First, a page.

Birthday Reviews: Katherine Kurtz’s “Venture in Vain”

Birthday Reviews: Katherine Kurtz’s “Venture in Vain”

Venture in Vain
Venture in Vain

Katherine Kurtz was born on October 18, 1944.

Kurtz won the coveted Balrog Award for her novel Camber the Heretic in 1982. Volumes in her Deryni series have been nominated for the British Fantasy Award, the Gandalf Award, and the Mythopoeic Award. Kurtz was one of the Guests of Honor at the 1996 World Fantasy Convention held in Schaumburg, Illinois. She has collaborated with Deborah Turner Harris on the Adept and Templar Knights series, with Robert Reginald on Codex Derynianus, with Scott MacMillan on the Knights of the Blood series and some short fiction. She has edited or co-edited anthologies of short stories set in her Deryni and Templar Knights worlds.

“Venture in Vain” was published as a chapbook, issued to commemorate Kurtz’s 2001 visit to the John M. Pfau Library at California State University at San Bernardino. Only 300 copies were printed and the story has never been reprinted. Each copy was autographed.

The Deryni cycle is a historically based fantasy series modeled after the Welsh kingdom which focuses on dynastic conflict combined with the inclusion of the race of Deryni, who have magical and psychic abilities that cause them to be feared by the humans they live among. “Venture in Vain” is set thirty-one years prior to the events of Kurtz’s original trilogy, although she has also written several volumes and short stories that are set before the story. It focuses on a group of Mearan nobility, including two princesses, who are fleeing before a Gwynedd invasion. The story opens with a brief description of the dynastic intrigues which explain why the Mearans are fighting for the man they view as their rightful prince, Judhael III, and why Gwynedd King Donal Blaine Haldane views himself as the rightful ruler of Meara.

Kurtz’s attention to detail, the creation of a multifaceted society, and her characters are what bring the Deryni novels to life and give them the feel that Kurtz is reporting on actual historical events. Within the confines of “Venture in Vain,” Kurtz doesn’t have a lot of time to provide focus to each element of her stories, so the story works best for those with prior familiarity to the world of the Deryni. She is able to explain the dynastic situation, create characters, who while not fully fleshed out do show complexity. When the Deryni Morian ap Lewys catches the fugitives, he notes that none of them are villains and they are doing what they must because that is how their roles play out for them. While Kurtz doesn’t show the complex magic that plays a role in so many of the stories, she does demonstrate the subtlety of Deryni powers when Morian questions Sir Frances and Sir Robard.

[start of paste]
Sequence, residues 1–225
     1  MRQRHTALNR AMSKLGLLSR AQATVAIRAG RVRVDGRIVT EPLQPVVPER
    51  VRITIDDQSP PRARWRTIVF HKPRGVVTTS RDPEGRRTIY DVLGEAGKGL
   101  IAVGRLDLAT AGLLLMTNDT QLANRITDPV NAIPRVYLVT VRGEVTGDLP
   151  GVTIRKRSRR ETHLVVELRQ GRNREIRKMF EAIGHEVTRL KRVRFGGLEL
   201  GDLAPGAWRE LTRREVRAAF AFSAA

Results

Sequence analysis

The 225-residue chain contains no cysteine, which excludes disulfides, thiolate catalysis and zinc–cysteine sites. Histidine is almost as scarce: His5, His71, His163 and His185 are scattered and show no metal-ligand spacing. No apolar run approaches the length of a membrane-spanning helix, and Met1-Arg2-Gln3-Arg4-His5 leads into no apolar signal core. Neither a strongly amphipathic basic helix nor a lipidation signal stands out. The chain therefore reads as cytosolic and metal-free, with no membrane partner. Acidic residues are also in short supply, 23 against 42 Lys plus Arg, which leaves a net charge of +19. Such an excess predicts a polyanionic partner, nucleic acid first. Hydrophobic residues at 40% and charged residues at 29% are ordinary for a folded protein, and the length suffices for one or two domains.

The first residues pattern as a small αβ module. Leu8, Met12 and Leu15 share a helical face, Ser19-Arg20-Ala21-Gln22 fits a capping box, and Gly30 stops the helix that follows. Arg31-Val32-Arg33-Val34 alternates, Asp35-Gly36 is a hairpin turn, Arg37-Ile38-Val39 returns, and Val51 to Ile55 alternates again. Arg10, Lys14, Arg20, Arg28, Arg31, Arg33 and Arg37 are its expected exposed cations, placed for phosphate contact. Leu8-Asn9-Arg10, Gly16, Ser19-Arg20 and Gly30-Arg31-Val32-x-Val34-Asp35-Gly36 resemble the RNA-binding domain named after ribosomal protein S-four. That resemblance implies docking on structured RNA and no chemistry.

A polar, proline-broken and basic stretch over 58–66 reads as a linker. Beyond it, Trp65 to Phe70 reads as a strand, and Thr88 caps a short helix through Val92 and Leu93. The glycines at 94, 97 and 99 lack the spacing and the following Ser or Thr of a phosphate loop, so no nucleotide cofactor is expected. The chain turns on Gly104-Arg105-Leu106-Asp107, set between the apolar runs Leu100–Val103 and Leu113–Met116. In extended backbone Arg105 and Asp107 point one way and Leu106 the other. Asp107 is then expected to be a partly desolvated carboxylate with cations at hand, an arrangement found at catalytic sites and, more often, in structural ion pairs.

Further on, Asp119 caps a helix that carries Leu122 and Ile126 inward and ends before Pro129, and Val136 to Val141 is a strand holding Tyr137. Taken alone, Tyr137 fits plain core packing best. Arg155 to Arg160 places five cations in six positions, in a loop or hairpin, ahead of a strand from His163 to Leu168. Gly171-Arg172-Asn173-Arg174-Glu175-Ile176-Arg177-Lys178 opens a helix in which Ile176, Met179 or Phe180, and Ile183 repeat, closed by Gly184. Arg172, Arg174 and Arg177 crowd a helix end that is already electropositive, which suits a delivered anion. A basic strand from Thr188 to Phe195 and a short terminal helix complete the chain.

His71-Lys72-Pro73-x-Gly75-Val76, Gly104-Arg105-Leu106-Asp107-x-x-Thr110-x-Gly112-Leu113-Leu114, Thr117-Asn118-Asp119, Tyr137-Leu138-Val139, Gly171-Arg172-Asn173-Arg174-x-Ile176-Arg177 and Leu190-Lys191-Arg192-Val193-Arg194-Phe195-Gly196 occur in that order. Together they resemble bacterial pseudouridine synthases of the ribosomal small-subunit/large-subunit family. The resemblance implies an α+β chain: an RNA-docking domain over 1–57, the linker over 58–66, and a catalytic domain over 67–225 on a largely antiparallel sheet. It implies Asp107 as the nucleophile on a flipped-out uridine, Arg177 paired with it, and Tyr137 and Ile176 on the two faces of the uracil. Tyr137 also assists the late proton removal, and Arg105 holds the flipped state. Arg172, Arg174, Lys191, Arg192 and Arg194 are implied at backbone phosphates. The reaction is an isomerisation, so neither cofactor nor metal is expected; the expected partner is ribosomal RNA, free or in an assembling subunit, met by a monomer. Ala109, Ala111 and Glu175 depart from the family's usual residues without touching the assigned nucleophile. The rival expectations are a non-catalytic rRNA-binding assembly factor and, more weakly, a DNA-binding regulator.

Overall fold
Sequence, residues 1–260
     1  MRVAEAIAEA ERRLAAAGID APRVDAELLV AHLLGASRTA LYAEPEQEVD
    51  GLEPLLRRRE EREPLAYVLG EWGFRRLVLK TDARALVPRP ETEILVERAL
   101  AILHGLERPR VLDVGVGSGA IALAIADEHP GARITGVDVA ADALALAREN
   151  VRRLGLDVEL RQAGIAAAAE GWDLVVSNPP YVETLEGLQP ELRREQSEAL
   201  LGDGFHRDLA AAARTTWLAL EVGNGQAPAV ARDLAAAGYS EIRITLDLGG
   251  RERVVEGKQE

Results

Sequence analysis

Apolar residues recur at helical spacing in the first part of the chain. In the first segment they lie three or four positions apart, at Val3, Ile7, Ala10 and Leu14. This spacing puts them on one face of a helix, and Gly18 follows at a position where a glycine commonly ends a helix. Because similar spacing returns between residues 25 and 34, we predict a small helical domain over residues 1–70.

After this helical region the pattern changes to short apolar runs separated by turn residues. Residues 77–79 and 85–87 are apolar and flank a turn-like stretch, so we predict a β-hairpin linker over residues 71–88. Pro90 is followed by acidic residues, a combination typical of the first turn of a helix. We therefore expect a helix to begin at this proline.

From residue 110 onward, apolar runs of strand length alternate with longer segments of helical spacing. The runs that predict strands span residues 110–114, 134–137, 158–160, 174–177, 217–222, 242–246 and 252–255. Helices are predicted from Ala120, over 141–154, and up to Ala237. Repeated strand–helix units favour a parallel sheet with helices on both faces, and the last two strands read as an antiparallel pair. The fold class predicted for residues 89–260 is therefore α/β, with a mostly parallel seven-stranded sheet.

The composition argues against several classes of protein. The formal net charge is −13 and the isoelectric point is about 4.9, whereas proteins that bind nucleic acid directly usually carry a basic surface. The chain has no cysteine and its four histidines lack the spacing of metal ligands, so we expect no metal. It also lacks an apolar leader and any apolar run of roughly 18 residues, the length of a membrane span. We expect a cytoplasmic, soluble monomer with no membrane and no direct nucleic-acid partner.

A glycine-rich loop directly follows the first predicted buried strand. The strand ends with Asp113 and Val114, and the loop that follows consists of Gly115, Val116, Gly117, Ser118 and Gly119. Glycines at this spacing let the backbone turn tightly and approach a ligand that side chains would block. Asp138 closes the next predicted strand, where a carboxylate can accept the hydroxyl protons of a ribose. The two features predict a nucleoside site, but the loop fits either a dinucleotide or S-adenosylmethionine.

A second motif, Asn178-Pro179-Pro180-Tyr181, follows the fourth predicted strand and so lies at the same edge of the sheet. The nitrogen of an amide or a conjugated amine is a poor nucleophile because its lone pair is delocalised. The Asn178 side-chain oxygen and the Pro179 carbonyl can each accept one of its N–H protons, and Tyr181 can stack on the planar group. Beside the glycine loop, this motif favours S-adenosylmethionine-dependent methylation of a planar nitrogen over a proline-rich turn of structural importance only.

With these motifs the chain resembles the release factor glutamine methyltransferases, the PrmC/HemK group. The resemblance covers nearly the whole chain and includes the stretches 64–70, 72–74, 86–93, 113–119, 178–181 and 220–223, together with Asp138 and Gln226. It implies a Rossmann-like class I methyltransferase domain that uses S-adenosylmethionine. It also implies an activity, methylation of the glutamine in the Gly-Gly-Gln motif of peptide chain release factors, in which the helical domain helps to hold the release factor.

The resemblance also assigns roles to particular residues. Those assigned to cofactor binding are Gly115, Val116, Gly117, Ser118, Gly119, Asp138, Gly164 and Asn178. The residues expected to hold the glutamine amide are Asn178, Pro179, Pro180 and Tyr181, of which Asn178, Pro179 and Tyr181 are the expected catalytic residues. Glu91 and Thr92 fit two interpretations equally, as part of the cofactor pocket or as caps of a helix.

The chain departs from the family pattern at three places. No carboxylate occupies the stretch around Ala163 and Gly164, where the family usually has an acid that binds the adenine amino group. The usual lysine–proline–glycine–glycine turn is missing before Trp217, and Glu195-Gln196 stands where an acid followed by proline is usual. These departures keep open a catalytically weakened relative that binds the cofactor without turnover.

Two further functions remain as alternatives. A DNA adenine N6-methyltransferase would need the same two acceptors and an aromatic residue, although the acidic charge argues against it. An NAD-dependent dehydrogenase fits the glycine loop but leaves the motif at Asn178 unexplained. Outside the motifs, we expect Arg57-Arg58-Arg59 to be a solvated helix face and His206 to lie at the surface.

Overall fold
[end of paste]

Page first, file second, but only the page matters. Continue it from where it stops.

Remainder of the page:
As with many of Kurtz’s short stories set in the world of the Deryni, this one fleshes out the backstory for a minor character. Princess Caitlin would go on to become the pretender to the Mearan throne and would try to exact her revenge on Donal Blaine’s son, Brion, and grandson, Kelson, in Kurtz’s The History of King Kelson trilogy.

Reviewed in its only publication in the chapbook Venture in Vain, by Katherine Kurtz, Millefleurs, 2001.

Steven H Silver-largeSteven H Silver is a sixteen-time Hugo Award nominee and was the publisher of the Hugo-nominated fanzine Argentus as well as the editor and publisher of ISFiC Press for 8 years. He has also edited books for DAW and NESFA Press. He began publishing short fiction in 2008 and his most recently published story is “Webinar: Web Sites” in The Tangled Web. Steven has chaired the first Midwest Construction, Windycon three times, and the SFWA Nebula Conference 6 times, as well as serving as the Event Coordinator for SFWA. He was programming chair for Chicon 2000 and Vice Chair of Chicon 7. He has been the news editor for SF Site since 2002.

Notify of

Newest Most Voted
Inline Feedbacks
View all comments
Joe H.

I like Kurtz and think she doesn’t necessarily get as much recognition as she deserves as a precursor to Martin et al., but I’m glad I’m not a superfan because if I was, knowing that this exists would be like a splinter in my mind, driving me mad.

Thomas Parker

I’ve always been curious about the Deryni books, but I’ve never taken the plunge. For some reason I’ve always assumed they’re like the old John Forsythe/Joan Collins soap opera Dynasty, but with codpieces.

Joe H.

No, they’re very much not like that — I’d recommend checking out at least the original trilogy (which were first published by Lin Carter as part of the Ballantine Adult Fantasy series).

Would love your thoughts, please comment.x